In our efforts to modernize the statistics curriculum, we have experimented with R in lower-division courses for the non-major and in more advanced courses on statistical computing. We have found that incorporating R into our courses necessitates changing what we teach and how we teach. We spend more time on graphics where students critique, compose and create visualizations that tell stories and uncover structure in data. On-line data visualization tools for shared visualization, e.g. Many Eyes, offer an abundance of graphics with accompanying data for students to critique and reconstruct in R. Virtual earth browsers such as Google Earth offer an alternative medium for presenting spatial-temporal data where the interface makes it easy for the user to bring in auxiliary information, such as geographic features, political boundaries, and additional data. With Scalable Vector Graphics (SVG) students can create interactive and animated graphical displays for viewing in a browser. In our more advanced courses, students use R to present their findings in these new venues (e.g. Google Earth, SVG). At both the introductory and advanced levels, we aim to expose students to the vast amount of digital information available to them and show how graphics can be used to analyze and make sense of large complex data. We have found it rewarding to teach statistical thinking by having students construct rich visualizations with R.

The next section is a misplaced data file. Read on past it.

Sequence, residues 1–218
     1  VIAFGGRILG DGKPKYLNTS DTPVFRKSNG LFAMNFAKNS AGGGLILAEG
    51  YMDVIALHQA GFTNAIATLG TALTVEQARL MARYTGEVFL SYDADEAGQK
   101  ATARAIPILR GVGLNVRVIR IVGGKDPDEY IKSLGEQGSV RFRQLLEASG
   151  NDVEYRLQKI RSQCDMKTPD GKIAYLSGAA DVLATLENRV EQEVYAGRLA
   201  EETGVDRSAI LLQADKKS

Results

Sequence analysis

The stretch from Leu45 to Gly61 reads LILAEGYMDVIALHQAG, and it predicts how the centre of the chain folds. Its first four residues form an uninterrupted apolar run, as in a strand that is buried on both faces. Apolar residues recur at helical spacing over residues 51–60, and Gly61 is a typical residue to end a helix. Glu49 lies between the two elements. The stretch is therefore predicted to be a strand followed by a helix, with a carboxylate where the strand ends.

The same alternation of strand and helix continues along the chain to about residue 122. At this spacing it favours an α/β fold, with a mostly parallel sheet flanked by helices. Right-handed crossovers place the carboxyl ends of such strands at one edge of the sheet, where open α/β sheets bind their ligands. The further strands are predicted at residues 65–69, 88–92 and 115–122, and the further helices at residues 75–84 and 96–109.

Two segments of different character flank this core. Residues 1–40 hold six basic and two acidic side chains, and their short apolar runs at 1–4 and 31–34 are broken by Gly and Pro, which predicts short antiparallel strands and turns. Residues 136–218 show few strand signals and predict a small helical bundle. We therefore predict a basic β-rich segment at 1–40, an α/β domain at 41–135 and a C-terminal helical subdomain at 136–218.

Keywords: Introductory statistics; Graphics
Biography: Deborah Nolan is Professor of Statistics at the University of California, Berkeley. She has been recognized at Berkeley for excellence in teaching and undergraduate student advising and is noted for working with and encouraging all students in their understanding of statistics. Deborah is the co-author of Stat Labs: Mathematical Statistics through Applications with Terry Speed and Teaching Statistics: A Bag of Tricks with Andrew Gelman. Together with Duncan Temple Lang she has recently published the paper, Computing in the Statistics Curricula, which presents a broad set of computational topics our students should learn in their preparation to become statisticians and ideas on how to teach these topics.